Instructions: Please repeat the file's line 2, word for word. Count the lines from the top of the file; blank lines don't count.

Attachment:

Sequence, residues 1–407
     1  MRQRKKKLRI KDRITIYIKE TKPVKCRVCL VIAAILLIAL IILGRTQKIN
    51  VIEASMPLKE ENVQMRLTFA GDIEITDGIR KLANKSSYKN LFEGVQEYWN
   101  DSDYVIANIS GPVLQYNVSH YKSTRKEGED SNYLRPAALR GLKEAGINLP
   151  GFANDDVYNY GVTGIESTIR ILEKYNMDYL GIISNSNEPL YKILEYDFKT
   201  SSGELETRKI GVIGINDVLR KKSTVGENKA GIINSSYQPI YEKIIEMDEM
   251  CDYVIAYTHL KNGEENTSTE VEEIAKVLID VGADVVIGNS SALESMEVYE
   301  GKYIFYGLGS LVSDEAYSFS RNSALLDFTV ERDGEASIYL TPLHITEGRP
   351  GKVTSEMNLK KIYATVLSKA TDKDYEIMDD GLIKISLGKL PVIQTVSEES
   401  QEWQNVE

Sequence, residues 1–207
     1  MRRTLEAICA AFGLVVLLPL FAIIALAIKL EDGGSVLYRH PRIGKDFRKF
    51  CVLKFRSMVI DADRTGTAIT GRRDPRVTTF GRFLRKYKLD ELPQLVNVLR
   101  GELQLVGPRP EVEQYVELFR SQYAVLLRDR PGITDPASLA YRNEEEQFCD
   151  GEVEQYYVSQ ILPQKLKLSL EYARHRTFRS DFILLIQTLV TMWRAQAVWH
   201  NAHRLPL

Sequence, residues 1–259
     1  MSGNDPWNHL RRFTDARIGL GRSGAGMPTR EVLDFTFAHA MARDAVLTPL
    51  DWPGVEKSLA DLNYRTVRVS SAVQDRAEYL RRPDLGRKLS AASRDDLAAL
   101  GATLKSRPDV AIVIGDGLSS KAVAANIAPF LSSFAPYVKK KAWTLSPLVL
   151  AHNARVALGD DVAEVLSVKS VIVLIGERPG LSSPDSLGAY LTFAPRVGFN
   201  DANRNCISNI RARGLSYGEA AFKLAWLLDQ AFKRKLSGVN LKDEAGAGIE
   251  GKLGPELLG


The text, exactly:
     1  MRQRKKKLRI KDRITIYIKE TKPVKCRVCL VIAAILLIAL IILGRTQKIN